A General History and Collection of Voyages and Travels — Volume 14 eBook

Robert Kerr (writer)
This eBook from the Gutenberg Project consists of approximately 822 pages of information about A General History and Collection of Voyages and Travels — Volume 14.

Early in the morning of the 29th, Otoo, Towha, and several other grandees, came on board, and brought with them as presents, not only provisions, but some of the most valuable curiosities of the island.  I made them returns, with which they were well pleased.  I likewise took this opportunity to repay the civilities I had received from Towha.

The night before, one of the natives attempting to steal a water-cask from the watering-place, was caught in the act, sent on board, and put in irons; in which situation Otoo and the other chiefs saw him.  Having made known his crime to them, Otoo begged he might be set at liberty.  This I refused, telling him, that since I punished my people, when they committed the least offence against his, it was but just this man should be punished also; and as I knew he would not do it, I was resolved to do it myself.  Accordingly, I ordered the man to be carried on shore to the tents, and having followed myself, with Otoo, Towha, and others, I ordered the guard out, under arms, and the man to be tied up to a post.  Otoo, his sister, and some others, begged hard for him; Towha said not one word, but was very attentive to every thing going forward.  I expostulated with Otoo on the conduct of this man, and of his people in general; telling him, that neither I, nor any of my people, took any thing from them, without first paying for it; enumerating the articles we gave in exchange for such and such things; and urging that it was wrong in them to steal from us, who were their friends.  I moreover told him, that the punishing this man would be the means of saving the lives of others of his people, by deterring them from committing crimes of this nature, in which some would certainly be shot dead, one time or another.  With these and other arguments, which I believe he pretty well understood, he seemed satisfied, and only desired the man might not be Matterou (or killed).  I then ordered the crowd, which was very great, to be kept at a proper distance, and, in the presence of them all, ordered the fellow two dozen lashes with a cat-o’-nine-tails, which he bore with great firmness, and was then set at liberty.  After this the natives were going away; but Towha stepped forth, called them back, and harangued them for near half an hour.  His speech consisted of short sentences, very little of which I understood; but, from what we could gather, he recapitulated part of what I had said to Otoo; named several advantages they had received from us; condemned their present conduct, and recommended a different one for the future.  The gracefulness of his action, and the attention with which he was heard, bespoke him a great orator.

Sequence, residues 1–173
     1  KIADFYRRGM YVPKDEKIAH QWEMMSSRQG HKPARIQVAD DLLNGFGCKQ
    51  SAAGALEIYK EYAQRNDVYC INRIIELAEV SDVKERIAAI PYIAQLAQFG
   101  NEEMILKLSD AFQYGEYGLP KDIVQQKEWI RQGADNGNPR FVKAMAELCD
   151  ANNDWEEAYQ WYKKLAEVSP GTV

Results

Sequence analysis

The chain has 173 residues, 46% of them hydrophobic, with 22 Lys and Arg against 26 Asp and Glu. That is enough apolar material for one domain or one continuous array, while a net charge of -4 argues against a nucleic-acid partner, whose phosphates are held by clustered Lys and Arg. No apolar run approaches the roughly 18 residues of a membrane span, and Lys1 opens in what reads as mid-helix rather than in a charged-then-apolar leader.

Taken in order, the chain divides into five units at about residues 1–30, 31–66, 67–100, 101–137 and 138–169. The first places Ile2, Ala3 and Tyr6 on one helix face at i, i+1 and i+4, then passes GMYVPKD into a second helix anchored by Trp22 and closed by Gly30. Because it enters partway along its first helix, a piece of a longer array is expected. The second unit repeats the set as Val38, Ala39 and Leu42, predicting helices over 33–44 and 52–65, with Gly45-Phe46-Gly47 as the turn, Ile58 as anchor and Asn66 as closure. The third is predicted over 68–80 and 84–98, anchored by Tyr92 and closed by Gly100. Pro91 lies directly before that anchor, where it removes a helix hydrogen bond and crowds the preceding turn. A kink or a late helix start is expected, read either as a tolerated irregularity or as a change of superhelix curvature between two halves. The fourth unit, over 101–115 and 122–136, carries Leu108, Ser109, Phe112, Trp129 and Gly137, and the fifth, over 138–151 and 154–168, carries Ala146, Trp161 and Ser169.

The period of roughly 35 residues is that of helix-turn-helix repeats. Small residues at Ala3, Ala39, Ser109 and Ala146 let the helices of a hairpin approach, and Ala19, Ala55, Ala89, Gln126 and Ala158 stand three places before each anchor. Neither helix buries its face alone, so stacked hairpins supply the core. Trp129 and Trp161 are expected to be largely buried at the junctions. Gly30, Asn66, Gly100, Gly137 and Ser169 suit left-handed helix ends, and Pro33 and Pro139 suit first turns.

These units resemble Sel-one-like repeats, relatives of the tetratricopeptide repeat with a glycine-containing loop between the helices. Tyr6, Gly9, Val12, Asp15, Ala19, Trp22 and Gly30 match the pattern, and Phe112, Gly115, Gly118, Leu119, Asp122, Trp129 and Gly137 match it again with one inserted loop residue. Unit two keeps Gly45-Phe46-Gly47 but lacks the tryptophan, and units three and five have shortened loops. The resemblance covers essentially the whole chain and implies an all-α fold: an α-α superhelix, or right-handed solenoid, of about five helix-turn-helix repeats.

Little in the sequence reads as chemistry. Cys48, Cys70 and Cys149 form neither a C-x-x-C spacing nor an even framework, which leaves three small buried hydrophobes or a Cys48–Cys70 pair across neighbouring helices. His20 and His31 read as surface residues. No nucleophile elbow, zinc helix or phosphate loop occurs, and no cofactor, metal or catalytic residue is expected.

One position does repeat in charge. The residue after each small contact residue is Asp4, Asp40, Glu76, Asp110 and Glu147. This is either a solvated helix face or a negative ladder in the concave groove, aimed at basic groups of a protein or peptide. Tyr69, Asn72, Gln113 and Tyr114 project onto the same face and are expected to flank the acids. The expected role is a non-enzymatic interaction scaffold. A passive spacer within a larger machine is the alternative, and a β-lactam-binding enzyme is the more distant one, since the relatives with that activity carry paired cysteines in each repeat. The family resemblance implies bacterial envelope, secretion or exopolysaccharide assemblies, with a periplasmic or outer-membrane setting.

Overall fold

Otoo said not one word.  As soon as Towha had ended his speech, I ordered the marines to go through their exercise, and to load and fire in vollies with ball; and as they were very quick in their manoeuvres, it is easier to conceive than to describe the amazement the natives were under the whole time, especially those who had not seen any thing of the kind before.

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A General History and Collection of Voyages and Travels — Volume 14 from Project Gutenberg. Public domain.
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